Walter_V__Robinson: I don't agree. The chief justice of the district courts, Lynda Connolly, started taking remedial measures pretty soon after we first raised these issues with her in February. She still has some systemic issues to deal with, but it appears that she wants to correct problems.
Turkued: Would you say that the informality of small claims courts...designed to help the little guy...is actually being used to hurt him?
Walter_V__Robinson: I think that's right. There is a presumption in many courts that a) people who get sued know all the rules; and b) the debt collectors are probably right. We have yet to witness a court clerk ask any debt collection lawyer to show him proof of the debt.
concerned: Will these changes involve judges looking for proof the debt is really owed? That the debtor was properly notified, etc? Are the courts dedicated to the idea that rubber stamping default judgments to the same companies must end?
Walter_V__Robinson: It's clear that the court will take steps to make it more certain that people get proper notification that they have been sued. On your other questions, time will tell.
cotter_creditboards: Regarding the "direct cause and effect" answer you have made. There are those who, for the most part, handle credit responsibly. What is your advice for those who have had incidents with their issuer where an interest rate is hiked up from 8 or 9 percent to over 30%, effectively tripling a minimum payment?
Walter_V__Robinson: I'd recommend that they read the chapter of the book by Elizabeth Warren of Harvard Law School, which is posted online at boston.com - or is about to be. It has really good advice for consumers from one of the country's leading experts.
Turkued: Do the debt collection agencies and their attorneys even have proof of debt? These things are sold so many times is it conceivable the proof, resting with the original creditor, doesn't even exist at the current time?
Walter_V__Robinson: This is a particular problem with debt buyers who are buying the debt two or three times removed from the original creditor. They seldom have proof. What they are buying is a computerized printout of accounts. And so far, the courts seem to think that's enough evidence. But only because consumers do not know enough to remind the court that the plaintiff has to prove his or her case.
concerned: Time will tell, could mean business as usual. Will you stay with the story?
Walter_V__Robinson: Yes, we will.
gal123: It seems to me that the only person to blame in the scheme of things is the debtor, the one who ignores countless letters. Only when the creditors they OWE decide to take the next step...which in some cases is to place liens and or seize their vehicles is when all of a sudden they are concerned about their outstanding accounts!
Walter_V__Robinson: It's hard to find anyone who thinks it makes any sense to seize a beat-up car from someone to satisfy the debt. First off, it's not what the legislature intended; second, when someone can't get to work without a car, how does taking their car help them pay their debts? As for a house, if you ignore a debt and you own a house, of course the creditor has the right to put a lien on it.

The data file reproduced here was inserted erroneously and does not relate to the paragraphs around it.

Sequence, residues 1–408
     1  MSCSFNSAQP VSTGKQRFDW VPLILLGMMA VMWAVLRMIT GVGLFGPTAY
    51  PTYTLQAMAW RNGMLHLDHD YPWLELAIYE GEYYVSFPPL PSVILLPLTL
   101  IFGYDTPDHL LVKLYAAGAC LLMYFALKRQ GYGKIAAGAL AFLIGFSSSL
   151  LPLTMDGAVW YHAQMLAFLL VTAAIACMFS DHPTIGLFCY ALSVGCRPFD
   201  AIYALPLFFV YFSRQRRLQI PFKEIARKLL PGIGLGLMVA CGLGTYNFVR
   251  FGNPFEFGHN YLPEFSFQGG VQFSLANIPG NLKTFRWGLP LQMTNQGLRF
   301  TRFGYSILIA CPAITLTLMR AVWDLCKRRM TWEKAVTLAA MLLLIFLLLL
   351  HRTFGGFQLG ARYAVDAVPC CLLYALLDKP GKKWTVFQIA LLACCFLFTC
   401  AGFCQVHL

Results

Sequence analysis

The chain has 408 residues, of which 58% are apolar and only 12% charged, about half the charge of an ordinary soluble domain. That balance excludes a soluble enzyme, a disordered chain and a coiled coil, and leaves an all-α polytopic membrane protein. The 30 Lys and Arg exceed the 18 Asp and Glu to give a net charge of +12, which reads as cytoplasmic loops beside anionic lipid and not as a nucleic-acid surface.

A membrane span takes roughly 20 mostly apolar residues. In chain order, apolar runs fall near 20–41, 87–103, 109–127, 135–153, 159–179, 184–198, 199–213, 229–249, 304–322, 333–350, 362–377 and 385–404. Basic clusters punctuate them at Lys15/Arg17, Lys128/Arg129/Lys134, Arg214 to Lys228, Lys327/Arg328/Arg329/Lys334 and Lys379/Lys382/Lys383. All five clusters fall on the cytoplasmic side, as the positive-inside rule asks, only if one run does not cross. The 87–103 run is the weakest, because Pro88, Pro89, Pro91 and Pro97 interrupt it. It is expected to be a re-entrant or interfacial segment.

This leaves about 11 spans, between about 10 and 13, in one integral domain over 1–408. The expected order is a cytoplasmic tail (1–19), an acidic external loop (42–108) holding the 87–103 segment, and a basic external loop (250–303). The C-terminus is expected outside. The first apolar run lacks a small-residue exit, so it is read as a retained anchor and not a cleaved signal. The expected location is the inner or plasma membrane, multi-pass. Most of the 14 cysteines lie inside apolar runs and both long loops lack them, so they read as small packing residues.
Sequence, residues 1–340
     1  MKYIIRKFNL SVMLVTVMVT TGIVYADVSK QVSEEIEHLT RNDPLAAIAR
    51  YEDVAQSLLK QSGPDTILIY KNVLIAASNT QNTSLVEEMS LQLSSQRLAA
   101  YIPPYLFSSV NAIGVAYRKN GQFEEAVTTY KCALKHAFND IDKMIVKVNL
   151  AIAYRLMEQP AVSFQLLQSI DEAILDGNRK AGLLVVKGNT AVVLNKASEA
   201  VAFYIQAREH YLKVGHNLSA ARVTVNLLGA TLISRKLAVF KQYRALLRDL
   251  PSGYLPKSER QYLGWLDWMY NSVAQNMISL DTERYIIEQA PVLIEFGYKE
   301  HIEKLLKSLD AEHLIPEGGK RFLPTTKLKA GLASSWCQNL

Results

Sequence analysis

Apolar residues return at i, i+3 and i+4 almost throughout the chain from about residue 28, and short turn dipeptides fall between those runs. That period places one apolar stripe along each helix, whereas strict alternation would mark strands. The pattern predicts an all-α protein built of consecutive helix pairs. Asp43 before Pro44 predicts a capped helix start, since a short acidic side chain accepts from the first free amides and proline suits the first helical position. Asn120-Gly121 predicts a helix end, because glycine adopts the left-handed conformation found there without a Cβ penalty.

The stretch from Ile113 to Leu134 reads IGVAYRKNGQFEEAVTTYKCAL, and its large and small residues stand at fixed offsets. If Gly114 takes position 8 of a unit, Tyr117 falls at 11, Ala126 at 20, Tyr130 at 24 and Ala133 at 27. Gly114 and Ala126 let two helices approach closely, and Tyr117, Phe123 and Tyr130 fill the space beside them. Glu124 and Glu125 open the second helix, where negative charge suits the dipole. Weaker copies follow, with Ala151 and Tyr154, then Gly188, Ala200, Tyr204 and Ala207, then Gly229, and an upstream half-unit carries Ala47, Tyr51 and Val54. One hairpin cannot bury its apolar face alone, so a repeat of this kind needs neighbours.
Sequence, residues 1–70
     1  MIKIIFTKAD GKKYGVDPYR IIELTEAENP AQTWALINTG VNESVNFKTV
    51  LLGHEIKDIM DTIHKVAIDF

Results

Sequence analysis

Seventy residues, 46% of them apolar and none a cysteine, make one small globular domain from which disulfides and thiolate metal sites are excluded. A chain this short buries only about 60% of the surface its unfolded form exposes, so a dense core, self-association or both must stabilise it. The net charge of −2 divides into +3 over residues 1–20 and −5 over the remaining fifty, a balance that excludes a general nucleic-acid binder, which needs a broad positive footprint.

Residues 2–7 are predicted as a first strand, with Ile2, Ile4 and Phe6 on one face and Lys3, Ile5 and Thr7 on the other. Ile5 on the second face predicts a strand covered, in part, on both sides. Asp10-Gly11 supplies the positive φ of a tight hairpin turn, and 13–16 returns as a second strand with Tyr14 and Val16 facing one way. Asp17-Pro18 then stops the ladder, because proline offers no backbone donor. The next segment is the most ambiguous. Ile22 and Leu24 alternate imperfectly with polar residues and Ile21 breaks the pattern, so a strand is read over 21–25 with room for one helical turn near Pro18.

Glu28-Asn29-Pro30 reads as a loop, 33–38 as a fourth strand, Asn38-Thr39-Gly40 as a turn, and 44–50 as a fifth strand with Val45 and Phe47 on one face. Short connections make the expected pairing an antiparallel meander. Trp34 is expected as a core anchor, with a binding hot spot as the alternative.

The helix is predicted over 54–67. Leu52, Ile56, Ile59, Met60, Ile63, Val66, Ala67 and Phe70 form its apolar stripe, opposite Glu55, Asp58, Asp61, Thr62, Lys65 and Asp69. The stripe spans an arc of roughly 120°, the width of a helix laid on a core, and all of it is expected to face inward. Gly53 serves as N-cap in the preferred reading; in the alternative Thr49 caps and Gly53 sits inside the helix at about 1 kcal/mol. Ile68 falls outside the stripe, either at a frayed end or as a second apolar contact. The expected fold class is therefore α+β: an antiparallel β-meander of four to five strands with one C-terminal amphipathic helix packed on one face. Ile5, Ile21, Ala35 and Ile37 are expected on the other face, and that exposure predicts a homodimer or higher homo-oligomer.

concerned: How is the public responding to the story?
Walter_V__Robinson: We've had hundreds of emails and phone calls. No matter what your feelings are about debtors, and their personal responsibility, there have been some real injustices here that need addressing.
concerned: There is a judge in Michigan who had been granting many default judgments to one particular lawyer. One day he demanded proof the debts were owed. The lawyer asked for more time to prove the debt(s). That judge then took it upon himself to contact nearby counties to see if they also had a lot of default judgments from the same lawyer. That lawyer is now in jail for fraud. Do you think this is a possibility in your area?
Walter_V__Robinson: Yes, quiteb possible here - because it would be easy to manipulate the system in the same way. In Michigan, and in a similar case in Maryland, the lawyers allegedly used phony addresses to get default judgments against debtors. The lawyer in Michigan has been convicted; in Maryland, the lawyer is awaiting trial.
concerned: What should the public do to make sure this story stays in the public forum?
Walter_V__Robinson: Keep the heat on us.
spotlightadmirer: Is this mistreatment of "unsophisticated" people in small claims court as blatantly present in other wings of the MA court system (e.g., probate or criminal)?
Walter_V__Robinson: I do not know, but suspect not: At other levels of the court, both sides are most often represented by attorneys.
concerned: How? What do you need?
Walter_V__Robinson: We pay attention when people call us. I imagine the Legislature does too.
concerned: Will your article mention consumer laws that protect people?
Walter_V__Robinson: The Globe's website, boston.com, has links to lots of sites with this information.
spotlightadmirer: Do you think there is a tie in with the debtors story by the Globe and the emmy-winning Joe Bergantino feature on CBS4 "Judges on Recess"
Walter_V__Robinson: No, Joe, I don't think so.
CramItCCCAs: How powerful are the collection agency lobby's? Have they influenced the law makers in the same way credit card companies have?
Walter_V__Robinson: Good question. I think we'll soon see first-hand here in Massachusetts, because there are likely to be some proposed legislative changes.
Walter_V__Robinson: Thanks for all of those questions. I enjoyed the back and forth.
Walter_V__Robinson: Good day.
© Copyright 2006 Globe Newspaper Company.